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Tuesday, September 1, 2009
HGEA Negotiator rips Speaker Say, Legislators: "Finger pointing, hands-off attitude"
By Letters to the Editor @ 8:38 PM :: 8055 Views :: Energy, Environment
(Editor's Note: Variations on this letter to the editor have appeared over the last few days in several Hawaii newspapers.  Obviously this reflects the general line of the HGEA intervention into the Democrat Legislative Caucus meetings which are right now attempting to prepare Democrat legislators to survive the next session starting in January when the budget crisis will for the first time be dropped into their lap by the arbitrator's decision.)


Dear Editor:

As a chairperson of one of the Hawaii Government Employees Association's negotiating teams, it was upsetting to read and hear House Speaker Calvin Say's comments about contract negotiations.

Mr. Say said that the union leadership needs to consider what the members are saying and urged the unions to settle before September. Despite what he thinks, we have been working hard toward an agreement.  It's easy for him to sit back, point from the sidelines, and make recommendations when he isn't involved in the negotiations. 

His baseless comments show complete disregard for the efforts of the unions negotiating team members.  We are taking our roles as representatives of our respective units and these negotiations very seriously.  Since last June, we have been working to reach a settlement with the employers, and that's always been the desired outcome. 

Mr. Say's comment to the unions, the governor and the county mayors, "Let us all work together and try to stop the bleeding" is pure shibai. I pose to him: What are he and the other legislative leaders doing to help our state fiscal situation?

The unions have all along said public employees are willing to "share in the pain" -- so why aren't our elected leaders doing their part to help the state's budget shortfall by exploring other options now, such as tapping special funds or early retirement legislation?

Now that the Council on Revenues lowered its revenue projections, that should be a clear signal to Mr. Say and his fellow lawmakers to take action. But instead, it seems the finger-pointing, hands-off attitude continues.

Actions speak louder than words, and to date, we haven't seen the legislators come forward and offer any viable solution to help close the budget gap and build a new sustainable economy for Hawaii. 

Peter S. Oshiro
Chairman, HGEA Unit 13 negotiating team



August 23, 2009 News Read
SB: HGEA Arbitration to put Legislature in "difficult position"

Former Democratic Gov. Ben Cayetano had argued -- and Lingle has taken a similar position -- that arbitration always rewarded the unions because the third party simply has to take a middle ground between two extreme positions. Cayetano successfully lobbied the Legislature to rescind binding arbitration in 2001, but Democrats brought it back two years later....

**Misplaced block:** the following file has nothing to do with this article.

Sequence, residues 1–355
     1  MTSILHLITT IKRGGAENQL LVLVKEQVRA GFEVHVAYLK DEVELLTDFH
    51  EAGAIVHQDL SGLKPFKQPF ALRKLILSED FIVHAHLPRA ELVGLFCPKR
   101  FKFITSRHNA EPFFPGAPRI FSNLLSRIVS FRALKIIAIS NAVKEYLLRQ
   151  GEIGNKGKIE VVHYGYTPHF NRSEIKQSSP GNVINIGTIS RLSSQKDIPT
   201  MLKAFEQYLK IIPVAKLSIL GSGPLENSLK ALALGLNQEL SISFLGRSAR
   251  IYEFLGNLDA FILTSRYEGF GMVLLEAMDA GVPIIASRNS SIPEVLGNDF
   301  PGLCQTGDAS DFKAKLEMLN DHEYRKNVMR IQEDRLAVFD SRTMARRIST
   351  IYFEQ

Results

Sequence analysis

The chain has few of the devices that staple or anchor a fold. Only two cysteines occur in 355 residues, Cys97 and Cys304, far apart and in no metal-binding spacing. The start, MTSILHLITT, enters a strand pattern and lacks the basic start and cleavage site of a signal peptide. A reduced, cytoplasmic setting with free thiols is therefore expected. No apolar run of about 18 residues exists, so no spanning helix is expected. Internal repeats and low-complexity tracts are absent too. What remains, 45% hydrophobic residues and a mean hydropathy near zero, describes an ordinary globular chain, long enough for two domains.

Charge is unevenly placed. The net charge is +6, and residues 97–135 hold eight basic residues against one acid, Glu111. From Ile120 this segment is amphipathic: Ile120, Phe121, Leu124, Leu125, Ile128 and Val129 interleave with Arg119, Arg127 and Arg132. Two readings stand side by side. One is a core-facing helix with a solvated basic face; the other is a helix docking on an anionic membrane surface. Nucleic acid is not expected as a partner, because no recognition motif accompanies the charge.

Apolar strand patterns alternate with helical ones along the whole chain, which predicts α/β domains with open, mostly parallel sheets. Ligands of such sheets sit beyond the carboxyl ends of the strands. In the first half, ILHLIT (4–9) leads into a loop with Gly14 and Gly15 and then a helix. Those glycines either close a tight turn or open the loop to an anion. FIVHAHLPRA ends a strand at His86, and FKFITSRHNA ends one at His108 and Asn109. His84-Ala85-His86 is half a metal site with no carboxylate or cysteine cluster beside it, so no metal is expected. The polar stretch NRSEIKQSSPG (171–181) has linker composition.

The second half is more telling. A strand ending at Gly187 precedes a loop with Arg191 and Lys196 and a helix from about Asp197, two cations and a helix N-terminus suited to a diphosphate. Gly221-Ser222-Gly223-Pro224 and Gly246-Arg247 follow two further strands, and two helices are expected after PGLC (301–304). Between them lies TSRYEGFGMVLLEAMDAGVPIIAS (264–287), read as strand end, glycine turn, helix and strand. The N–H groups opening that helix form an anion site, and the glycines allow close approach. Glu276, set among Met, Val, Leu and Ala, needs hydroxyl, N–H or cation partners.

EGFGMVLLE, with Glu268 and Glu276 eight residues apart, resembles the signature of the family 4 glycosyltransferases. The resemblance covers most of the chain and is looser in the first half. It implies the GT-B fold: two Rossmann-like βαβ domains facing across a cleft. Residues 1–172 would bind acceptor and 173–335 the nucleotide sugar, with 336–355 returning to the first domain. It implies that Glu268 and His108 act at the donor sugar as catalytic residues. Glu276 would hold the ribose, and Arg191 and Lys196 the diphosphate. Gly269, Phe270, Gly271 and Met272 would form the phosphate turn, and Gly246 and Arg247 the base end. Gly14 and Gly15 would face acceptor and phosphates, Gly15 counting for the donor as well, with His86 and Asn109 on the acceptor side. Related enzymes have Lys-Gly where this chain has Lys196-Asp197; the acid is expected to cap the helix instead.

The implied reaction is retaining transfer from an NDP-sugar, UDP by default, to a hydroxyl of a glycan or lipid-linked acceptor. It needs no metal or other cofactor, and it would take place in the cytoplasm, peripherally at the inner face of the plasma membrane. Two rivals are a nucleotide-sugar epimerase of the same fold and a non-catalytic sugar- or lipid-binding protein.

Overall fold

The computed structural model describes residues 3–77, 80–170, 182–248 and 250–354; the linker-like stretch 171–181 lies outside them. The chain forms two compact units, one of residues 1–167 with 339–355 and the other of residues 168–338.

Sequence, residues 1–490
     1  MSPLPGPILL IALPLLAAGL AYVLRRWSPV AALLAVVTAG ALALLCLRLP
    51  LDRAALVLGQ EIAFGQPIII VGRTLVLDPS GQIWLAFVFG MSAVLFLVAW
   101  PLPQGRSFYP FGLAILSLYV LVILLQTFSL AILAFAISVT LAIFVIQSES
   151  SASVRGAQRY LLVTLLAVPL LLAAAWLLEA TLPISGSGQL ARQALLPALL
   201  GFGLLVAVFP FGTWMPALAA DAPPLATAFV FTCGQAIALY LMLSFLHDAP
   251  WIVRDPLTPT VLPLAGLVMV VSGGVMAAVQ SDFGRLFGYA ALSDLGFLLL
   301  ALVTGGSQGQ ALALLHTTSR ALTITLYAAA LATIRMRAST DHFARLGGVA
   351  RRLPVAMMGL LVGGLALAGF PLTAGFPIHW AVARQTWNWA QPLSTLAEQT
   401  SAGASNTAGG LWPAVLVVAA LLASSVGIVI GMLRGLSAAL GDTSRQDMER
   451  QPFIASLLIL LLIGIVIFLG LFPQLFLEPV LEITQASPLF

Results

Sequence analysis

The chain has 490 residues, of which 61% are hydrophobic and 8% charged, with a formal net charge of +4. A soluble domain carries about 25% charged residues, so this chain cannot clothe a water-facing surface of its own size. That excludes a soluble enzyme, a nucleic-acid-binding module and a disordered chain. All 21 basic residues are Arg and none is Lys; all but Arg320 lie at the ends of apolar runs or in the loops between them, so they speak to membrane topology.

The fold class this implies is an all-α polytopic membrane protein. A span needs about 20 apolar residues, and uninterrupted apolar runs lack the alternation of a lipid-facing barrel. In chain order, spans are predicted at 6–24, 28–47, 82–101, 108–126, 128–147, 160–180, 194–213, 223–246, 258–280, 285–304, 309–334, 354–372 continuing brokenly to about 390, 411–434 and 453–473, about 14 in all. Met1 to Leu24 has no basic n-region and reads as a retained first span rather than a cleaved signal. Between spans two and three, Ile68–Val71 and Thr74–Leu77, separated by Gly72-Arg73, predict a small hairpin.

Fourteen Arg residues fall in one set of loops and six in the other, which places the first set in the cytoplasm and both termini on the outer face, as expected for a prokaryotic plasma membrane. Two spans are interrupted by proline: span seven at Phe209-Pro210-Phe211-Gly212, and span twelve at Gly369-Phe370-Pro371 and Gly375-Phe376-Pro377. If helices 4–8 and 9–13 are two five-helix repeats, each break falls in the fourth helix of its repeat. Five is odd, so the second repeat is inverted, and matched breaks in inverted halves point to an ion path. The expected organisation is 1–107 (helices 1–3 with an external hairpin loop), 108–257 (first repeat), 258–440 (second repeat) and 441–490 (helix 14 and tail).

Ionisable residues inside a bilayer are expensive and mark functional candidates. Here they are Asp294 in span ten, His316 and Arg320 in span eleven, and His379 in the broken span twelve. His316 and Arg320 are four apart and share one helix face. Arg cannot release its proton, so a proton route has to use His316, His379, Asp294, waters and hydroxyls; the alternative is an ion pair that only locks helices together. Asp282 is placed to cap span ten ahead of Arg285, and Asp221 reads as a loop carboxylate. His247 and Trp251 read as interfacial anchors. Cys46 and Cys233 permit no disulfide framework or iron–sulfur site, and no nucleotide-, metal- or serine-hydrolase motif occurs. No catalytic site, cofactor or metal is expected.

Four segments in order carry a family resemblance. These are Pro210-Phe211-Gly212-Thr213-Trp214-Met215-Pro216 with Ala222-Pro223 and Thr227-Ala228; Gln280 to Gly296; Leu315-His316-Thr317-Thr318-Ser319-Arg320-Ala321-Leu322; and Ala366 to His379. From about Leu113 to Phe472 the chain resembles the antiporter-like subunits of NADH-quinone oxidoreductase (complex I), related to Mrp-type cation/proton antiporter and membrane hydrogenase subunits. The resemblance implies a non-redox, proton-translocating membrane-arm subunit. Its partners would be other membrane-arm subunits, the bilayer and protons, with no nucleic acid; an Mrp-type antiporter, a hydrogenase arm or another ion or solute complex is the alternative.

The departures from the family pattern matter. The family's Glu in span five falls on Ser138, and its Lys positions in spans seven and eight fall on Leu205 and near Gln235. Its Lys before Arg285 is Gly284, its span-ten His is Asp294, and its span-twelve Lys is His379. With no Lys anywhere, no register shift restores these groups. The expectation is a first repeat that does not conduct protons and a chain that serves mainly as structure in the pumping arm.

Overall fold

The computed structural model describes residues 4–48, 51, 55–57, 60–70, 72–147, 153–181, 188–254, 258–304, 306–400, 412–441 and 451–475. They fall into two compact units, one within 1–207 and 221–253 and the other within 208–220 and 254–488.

"It puts the Legislature in a very difficult position next session," Lingle said, "because if that arbitrator comes up with a settlement -- whether I agree to it or not -- I have to submit it to the Legislature and then they will be put in a position, in an election year, of having to raise taxes in order to pay for this binding arbitration settlement."

(It won't be difficult if Republicans don't field candidates.)

read more

HA: State must plan now for lean government

State House Speaker Calvin Say said he is planning a caucus in the coming weeks to review fiscal priorities and develop a strategy for tackling the budget challenge they will confront in January.

Even before that discussion begins, Say could easily predict that bedrock programs such as public education, health and safety — often described as the "social safety net" — will have to top the list.

Say has not ruled out pursuing new revenues. Although he's staunchly opposed raising the general excise tax, he suggests pressing federal authorities to suspend requirements for states to provide matching funds in order to receive federal grants.

(With the arbitration schedule painting a bulls-eye on the Legislature, the Advertiser and Star-Bulletin are both deeply concerned about the Legislators' welfare.  Next January will mark the first time that legislators are going to have to take responsibility for the State's economic crisis.)

read more


BACKGROUND: Peter Oshiro Feb 2009 testimony against HB1106, 1718, 1719


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